As the wave of solidarity and grief continues to resonate all over the world after last month's powerful earthquakes in southern Türkiye, the Turkish diaspora in Denmark has been on the forefront to help their compatriots in need.
One place where aid has been collected is the Tyrkisk Kulturcenter Brabrand Ulu Camii, a mosque managed and run by local Turkish community members settled in the Denmark’s city of Aarhus.
The mosque administration, with the support of the Turkish diaspora and local Danish community, raised for over 1 million Danish krones (over $143,200) in two well-attended relief fundraisers.
"This natural tragedy pains every single person who heard about it. We may live miles away from the earthquake victims and survivors, but they are always in our hearts and prayers," said Davut Ataman, a representative of the mosque who looks after media affairs.
"We could not just continue our life as if nothing happened."
On the appeal of the mosque's administrators, local peopls, including those of non-Turkish background, continue to come in to give donations.
Ataman said there had been no major challenges in getting donations for the two back-to-back fundraisers as the idea had received enthusiastic support from community members.
"I was making announcements on Facebook and Instagram about the fund drive under the name 'Hand-in-hand for earthquake victims'," he said.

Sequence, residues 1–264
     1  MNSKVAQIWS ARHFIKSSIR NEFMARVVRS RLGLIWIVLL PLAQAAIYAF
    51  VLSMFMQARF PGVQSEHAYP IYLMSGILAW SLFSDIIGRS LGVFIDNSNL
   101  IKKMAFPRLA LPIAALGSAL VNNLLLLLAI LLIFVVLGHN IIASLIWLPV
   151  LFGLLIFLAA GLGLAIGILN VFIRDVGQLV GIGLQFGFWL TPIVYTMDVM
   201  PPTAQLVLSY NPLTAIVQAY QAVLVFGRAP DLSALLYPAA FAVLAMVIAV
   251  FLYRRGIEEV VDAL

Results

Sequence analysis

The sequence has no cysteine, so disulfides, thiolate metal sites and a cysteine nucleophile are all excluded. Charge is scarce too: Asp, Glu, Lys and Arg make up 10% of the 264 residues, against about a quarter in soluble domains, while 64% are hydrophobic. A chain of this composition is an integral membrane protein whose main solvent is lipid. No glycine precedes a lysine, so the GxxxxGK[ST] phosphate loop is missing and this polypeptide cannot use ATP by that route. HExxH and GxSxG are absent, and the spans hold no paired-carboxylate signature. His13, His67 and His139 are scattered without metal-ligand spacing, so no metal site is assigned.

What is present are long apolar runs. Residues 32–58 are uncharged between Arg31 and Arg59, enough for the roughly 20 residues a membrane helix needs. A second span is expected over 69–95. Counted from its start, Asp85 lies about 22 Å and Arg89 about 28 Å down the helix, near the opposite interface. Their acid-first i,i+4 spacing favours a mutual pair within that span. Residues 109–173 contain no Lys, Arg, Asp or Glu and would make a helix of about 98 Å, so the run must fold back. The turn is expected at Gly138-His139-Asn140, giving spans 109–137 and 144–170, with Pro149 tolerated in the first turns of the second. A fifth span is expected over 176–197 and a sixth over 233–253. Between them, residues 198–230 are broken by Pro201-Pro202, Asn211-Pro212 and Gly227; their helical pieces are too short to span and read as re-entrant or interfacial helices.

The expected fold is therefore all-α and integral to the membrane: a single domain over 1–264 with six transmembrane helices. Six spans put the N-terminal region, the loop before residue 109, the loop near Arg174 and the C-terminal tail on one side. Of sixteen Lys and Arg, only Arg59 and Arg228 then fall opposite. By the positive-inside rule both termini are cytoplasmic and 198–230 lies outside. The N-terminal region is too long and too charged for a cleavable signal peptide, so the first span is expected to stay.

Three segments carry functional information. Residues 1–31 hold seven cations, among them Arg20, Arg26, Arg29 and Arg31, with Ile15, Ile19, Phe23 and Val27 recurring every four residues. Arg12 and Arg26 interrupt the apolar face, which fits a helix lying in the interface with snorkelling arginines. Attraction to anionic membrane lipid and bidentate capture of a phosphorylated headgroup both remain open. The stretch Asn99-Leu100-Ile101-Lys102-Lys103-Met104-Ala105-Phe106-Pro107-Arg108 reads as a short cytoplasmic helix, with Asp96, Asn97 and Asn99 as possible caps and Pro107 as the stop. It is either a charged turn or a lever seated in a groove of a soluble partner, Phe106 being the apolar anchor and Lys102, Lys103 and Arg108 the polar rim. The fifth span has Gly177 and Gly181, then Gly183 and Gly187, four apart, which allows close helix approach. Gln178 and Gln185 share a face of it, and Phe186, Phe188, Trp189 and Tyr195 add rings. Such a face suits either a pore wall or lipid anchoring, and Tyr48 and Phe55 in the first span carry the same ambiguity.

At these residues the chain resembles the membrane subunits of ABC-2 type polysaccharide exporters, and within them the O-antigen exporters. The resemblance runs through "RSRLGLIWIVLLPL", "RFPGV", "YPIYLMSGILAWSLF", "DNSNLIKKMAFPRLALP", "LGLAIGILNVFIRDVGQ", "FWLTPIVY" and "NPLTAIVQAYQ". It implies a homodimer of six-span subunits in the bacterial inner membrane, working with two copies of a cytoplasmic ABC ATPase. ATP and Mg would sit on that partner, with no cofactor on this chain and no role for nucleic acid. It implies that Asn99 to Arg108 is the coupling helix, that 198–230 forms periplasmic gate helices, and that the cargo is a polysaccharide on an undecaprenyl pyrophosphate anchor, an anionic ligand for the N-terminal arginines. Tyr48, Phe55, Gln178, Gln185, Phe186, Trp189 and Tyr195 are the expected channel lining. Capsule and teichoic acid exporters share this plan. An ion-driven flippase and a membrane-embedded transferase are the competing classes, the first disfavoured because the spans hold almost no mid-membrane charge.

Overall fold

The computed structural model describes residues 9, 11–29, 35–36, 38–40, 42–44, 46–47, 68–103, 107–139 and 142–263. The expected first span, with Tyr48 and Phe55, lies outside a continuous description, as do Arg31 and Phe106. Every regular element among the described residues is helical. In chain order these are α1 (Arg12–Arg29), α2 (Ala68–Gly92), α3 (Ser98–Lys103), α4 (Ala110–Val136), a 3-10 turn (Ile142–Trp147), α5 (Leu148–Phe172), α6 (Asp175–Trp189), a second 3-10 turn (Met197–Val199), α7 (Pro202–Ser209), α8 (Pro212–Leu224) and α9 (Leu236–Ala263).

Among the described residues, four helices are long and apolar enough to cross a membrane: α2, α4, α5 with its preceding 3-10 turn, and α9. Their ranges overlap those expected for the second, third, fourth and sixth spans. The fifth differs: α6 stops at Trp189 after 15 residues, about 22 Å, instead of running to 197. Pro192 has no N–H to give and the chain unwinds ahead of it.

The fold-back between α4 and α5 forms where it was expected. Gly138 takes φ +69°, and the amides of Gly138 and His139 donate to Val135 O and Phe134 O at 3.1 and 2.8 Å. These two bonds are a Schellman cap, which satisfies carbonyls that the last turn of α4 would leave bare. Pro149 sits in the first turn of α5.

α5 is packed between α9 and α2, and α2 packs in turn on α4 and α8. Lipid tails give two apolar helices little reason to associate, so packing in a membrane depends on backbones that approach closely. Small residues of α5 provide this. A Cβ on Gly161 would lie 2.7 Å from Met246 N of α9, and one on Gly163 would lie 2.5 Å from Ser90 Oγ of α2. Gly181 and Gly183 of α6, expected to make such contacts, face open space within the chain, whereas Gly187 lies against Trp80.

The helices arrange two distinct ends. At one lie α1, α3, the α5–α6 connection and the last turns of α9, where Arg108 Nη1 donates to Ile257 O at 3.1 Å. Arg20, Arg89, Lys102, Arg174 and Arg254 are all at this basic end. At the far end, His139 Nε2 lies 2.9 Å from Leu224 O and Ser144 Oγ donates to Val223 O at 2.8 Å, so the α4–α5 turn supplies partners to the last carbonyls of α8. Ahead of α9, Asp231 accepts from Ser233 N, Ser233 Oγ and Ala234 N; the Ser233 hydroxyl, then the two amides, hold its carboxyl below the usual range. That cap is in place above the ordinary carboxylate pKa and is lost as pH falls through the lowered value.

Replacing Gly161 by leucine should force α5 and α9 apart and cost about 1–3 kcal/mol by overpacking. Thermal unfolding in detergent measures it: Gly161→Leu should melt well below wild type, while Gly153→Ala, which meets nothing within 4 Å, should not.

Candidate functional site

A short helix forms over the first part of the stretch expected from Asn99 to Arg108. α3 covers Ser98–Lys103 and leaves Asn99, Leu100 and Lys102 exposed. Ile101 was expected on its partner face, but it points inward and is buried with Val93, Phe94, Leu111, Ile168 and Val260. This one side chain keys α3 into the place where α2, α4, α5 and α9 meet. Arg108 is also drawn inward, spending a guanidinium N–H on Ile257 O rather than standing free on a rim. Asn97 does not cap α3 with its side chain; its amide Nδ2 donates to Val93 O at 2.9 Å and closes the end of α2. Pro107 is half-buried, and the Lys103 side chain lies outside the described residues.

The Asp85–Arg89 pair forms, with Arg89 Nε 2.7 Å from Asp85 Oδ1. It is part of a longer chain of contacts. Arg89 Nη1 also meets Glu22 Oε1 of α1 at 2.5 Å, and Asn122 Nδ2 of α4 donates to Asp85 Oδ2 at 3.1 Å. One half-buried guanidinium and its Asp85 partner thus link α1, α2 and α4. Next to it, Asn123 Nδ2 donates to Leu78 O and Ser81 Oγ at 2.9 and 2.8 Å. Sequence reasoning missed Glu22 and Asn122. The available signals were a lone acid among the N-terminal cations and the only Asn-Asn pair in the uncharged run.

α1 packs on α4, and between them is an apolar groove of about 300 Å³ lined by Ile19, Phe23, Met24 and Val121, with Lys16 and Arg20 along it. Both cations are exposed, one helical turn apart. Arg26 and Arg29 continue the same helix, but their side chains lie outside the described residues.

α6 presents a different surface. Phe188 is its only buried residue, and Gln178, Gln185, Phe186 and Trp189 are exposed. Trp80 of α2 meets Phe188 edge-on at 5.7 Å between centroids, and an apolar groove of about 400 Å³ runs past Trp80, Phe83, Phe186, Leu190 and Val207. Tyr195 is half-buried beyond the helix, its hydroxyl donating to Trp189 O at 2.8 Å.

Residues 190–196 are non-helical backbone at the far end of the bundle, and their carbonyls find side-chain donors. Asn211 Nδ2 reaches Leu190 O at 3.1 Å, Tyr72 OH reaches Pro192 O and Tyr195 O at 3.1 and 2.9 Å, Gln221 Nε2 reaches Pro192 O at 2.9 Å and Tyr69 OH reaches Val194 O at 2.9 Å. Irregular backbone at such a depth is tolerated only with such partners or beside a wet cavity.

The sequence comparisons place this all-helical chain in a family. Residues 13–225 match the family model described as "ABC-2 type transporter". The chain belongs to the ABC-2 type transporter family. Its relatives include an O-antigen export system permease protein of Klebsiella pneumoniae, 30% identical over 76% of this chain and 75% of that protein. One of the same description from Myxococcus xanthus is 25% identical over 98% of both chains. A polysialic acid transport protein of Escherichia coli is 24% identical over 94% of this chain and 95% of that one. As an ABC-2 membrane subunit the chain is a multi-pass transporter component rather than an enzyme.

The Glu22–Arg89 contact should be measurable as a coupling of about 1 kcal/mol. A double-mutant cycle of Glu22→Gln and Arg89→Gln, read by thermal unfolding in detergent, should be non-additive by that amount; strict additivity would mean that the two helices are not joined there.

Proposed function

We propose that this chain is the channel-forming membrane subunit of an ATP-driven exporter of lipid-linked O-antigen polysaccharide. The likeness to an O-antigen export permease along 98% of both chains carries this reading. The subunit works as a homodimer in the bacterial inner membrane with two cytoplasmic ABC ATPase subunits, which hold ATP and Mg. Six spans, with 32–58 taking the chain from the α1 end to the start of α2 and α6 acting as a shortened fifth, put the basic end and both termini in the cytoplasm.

"Within a week, we managed to raise 1 million Danish Kroner, Besides that, 2,500 blankets were also collected."
Women in the Turkish-Danish community were especially helpful in the fundraising effort triggering a massive response to the appeal for donations, Ataman said.
Esma Ataman, head of women's affairs in the mosque administration, who has been living in Denmark for the last 38 years, said the community took action as soon as they heard of the devastating earthquakes on Feb. 6.
"We were nine people in the mosque. We quickly had a meeting to discuss what could be done and how we could best help people in Türkiye. It started small. Each Wednesday, we sold homemade breakfast food in the mosque for donations. Then we branched it out further with a grand fundraiser and social media appeals," she said.
Esma said that under the motto "One heart, one nation," the volunteers sold Turkish street food to raise money.
"We were able to reach our desired donation goal."
But, while the event was planned by mid-career professionals, it were the young Turkish-Danish student volunteers who were doing the donation drives, setting up food stalls and mobilizing the community.
“Surely, they did the hard part," Esma chuckled. "Our Turkish children may not live in Türkiye but they are deeply connected with their homeland and their people. Along with us, they also feel the pain. They also want to play their part in comforting the people in need. I can gladly say that they have the Turkish spirit."
Azra Shahin, a student who was part of the volunteering team, said that helping the community in this time of need gave her a sense of identity and empathy. She was at the forefront in setting up food stalls and helping guests at the fund raiser.
"Making a difference in the life of people through our efforts is special. Through these efforts, I just want to show the Turkish people in distress that they are not forgotten, and in our humble capacity, we'll try to make our utmost efforts," she said.
Davut Ataman believes that community leaders are planning more relief efforts in the coming days. He expects huge donations in the month of Ramadan for earthquake victims and said the mosque and community would go the extra mile to help and support the people in need.
"Our message to our people back in Türkiye is simple. We are with you, in this time of crisis."